The Separation of Church and State: Religion and Society
“The Separation of Church and State shall be inviolable.” (Art. II, Section 6, 1987 Philippine Constitution)
1986 EDSA People Power: Jaime Cardinal Sin’s Call
The issue of the separation of church and state is being raised many times already in Philippine history. Jaime Cardinal Sin stepped into the situation to call for the Catholic faithful to proceed to EDSA in order to protect and provide food for the rebel soldiers led by Gen. Juan Ponce Enrile and Gen. Fidel V. Ramos in 1986 EDSA People Power Revolution. In a video documentary made by ABS-CBN and hosted by Jim Paredes and Bianca Gonzales in 2006, Bishop Soc Villegas, former secretary of Jaime Cardinal Sin, said that the Cardinal made the announcement after a phone call from then Minister Juan Ponce Enrile where he assured the Minister of his support through prayer and an assurance of God’s protection (https://www.youtube.com/playlist?list=PL013C6F834BDF57D3). Afterwards, he announced over radio Veritas that Enrile and Ramos’ group “have appealed for food and expressions of support.” He went further by saying that “those (of you) who wish to help should do so.”
Just recently, members of a religious group flocked to EDSA to express their grievances with the Department of Justice (DOJ).
Should a religious group concern itself with the affairs of the state or is it proper for the state to interfere with the operations and practices of the church? Can these two offices be fused in one office and administered by a single person?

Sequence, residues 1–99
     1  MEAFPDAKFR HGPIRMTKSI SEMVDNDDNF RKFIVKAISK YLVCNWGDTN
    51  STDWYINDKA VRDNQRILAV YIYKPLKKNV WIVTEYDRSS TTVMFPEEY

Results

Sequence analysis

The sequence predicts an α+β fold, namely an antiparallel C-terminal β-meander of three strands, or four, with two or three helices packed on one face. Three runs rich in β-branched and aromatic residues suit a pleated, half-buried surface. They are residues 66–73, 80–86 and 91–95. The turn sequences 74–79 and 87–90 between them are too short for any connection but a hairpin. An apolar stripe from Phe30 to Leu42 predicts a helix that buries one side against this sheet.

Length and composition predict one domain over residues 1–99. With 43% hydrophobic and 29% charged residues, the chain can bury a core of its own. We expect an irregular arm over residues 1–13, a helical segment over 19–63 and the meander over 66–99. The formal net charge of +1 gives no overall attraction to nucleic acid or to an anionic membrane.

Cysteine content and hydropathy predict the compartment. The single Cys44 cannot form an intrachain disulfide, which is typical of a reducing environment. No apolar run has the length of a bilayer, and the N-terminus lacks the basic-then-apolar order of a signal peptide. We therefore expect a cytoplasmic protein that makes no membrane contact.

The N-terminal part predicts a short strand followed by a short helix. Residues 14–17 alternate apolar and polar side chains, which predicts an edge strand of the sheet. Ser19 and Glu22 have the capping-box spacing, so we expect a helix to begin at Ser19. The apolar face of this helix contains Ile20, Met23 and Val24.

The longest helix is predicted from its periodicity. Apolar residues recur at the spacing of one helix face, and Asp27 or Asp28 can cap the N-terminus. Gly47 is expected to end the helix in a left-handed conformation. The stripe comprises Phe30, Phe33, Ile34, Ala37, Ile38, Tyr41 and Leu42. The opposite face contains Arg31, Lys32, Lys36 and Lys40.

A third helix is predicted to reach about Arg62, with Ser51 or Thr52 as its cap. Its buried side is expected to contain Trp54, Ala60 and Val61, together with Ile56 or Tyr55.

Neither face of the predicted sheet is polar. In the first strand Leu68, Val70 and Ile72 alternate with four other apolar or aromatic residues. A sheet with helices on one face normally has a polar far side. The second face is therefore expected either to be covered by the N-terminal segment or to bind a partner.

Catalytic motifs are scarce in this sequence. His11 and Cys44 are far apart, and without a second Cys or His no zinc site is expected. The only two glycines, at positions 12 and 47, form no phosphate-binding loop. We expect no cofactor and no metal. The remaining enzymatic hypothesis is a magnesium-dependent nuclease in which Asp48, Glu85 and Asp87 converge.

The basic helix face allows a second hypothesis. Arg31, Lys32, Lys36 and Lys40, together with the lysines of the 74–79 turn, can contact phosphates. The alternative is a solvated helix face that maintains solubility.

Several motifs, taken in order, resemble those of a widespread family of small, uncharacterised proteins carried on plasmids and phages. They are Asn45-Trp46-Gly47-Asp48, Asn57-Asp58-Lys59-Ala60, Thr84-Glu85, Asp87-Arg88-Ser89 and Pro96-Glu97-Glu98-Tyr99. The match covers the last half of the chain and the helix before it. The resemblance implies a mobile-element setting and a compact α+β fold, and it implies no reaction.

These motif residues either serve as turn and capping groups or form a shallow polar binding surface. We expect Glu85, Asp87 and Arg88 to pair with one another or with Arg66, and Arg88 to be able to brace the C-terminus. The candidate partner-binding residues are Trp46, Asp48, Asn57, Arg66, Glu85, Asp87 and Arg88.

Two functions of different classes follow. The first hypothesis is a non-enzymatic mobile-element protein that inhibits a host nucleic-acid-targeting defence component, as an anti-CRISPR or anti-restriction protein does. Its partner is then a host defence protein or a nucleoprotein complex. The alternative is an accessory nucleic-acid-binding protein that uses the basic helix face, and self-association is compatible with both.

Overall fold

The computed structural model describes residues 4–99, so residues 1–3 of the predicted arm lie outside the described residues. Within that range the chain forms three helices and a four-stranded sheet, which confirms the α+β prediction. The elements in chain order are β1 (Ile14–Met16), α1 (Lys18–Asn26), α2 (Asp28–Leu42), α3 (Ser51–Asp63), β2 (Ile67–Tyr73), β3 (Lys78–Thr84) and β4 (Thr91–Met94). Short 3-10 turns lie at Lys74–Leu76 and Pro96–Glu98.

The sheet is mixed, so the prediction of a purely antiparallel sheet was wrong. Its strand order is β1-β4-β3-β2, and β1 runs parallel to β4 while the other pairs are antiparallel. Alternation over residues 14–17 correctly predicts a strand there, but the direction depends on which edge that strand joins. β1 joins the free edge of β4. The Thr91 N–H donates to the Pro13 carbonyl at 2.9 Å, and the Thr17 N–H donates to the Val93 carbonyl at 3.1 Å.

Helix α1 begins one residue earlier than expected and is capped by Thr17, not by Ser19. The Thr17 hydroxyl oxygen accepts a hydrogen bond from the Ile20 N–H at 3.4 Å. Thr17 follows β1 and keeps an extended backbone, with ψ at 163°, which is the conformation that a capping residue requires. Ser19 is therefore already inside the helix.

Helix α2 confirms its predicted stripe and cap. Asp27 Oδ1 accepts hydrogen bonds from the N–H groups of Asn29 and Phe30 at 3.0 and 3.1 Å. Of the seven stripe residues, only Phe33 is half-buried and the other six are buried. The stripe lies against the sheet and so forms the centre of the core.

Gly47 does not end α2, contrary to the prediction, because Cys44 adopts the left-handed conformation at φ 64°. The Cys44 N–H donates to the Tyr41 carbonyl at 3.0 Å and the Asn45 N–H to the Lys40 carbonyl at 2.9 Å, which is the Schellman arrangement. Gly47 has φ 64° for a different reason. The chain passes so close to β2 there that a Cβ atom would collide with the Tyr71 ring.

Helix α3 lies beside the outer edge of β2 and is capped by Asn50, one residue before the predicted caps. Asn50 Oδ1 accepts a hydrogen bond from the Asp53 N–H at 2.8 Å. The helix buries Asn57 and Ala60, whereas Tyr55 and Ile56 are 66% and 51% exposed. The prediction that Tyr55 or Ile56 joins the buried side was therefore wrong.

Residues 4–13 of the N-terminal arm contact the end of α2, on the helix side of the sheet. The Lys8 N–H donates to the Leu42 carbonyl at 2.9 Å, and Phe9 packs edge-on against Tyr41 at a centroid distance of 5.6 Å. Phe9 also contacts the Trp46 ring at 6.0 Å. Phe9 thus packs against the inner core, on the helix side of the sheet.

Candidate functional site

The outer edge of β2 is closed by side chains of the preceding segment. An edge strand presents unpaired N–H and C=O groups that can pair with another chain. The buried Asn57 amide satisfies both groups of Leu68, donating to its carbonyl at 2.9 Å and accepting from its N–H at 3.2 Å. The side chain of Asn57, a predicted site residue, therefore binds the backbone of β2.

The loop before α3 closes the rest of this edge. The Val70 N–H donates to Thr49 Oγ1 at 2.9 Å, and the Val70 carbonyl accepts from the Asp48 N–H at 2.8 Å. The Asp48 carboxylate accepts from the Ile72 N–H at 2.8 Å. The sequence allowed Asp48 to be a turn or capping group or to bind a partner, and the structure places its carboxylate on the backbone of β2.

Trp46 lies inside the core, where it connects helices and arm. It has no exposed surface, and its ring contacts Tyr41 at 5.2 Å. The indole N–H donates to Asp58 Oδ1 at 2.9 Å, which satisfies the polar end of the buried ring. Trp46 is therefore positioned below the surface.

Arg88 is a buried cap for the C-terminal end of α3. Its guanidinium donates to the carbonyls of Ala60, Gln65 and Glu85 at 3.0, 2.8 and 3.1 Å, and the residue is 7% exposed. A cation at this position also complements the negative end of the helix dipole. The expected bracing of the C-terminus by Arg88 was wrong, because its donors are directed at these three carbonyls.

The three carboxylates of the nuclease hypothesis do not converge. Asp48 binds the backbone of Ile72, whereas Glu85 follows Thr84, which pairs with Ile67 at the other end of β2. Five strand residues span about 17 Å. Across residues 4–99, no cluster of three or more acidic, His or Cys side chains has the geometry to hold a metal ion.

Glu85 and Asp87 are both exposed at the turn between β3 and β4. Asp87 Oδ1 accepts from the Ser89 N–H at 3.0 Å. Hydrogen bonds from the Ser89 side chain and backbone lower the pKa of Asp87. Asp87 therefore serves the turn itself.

The Prophet Samuel: Period of Transition
In the Old Testament, there was a time when the prophet Samuel served as a transition leader of Israel in the period of the Judges. He was a prophet who made known God’s will to the people (1 Sam. 3:20-21) and a judge who ruled over the civil affairs of the people (1 sam. 7:15). In addition he was appointed by God to carry out priestly duties even though he was not a descendant of Aaron (1 Sam. 7:9; 1 Chron 6:33-38). (Bridgeway)
In this sense the three offices (that of the Prophet, Judge, and Priest) is held by a single person.
This set up was brought about by the corruption of the priesthood. As such, its spiritual influence to the people has diminished severely. The various ceremonies and sacrifices were meaningless rituals. Consequently, God was increasingly using prophets, rather than priests, to speak to his people. (Bridgeway)
But this set up was just temporary. Same corruption and degradation may rise here in the Philippines and somewhere else in the world, but Samuel’s or Israel’s situation for that matter, cannot be deemed as a precedent for future church-state relationships. Later, the people of Israel clamored for a king just like the surrounding nations. It was hard and painful for Samuel but God comforted him and told him that it was He who was rejected by the people not Samuel. God commanded him to appoint a king in the person of Saul – the first king of the Monarchy.
Saul’s Attempt to Take Control of both Religious and Political Powers
Saul has a very impressive achievements in the early stage of his kingship. However, his own moody and rash temperament become his undoing (Lawrence Boadt: Reading the Old Testament. An Introduction. Makati, Philippines: St. Pauls, 2003.).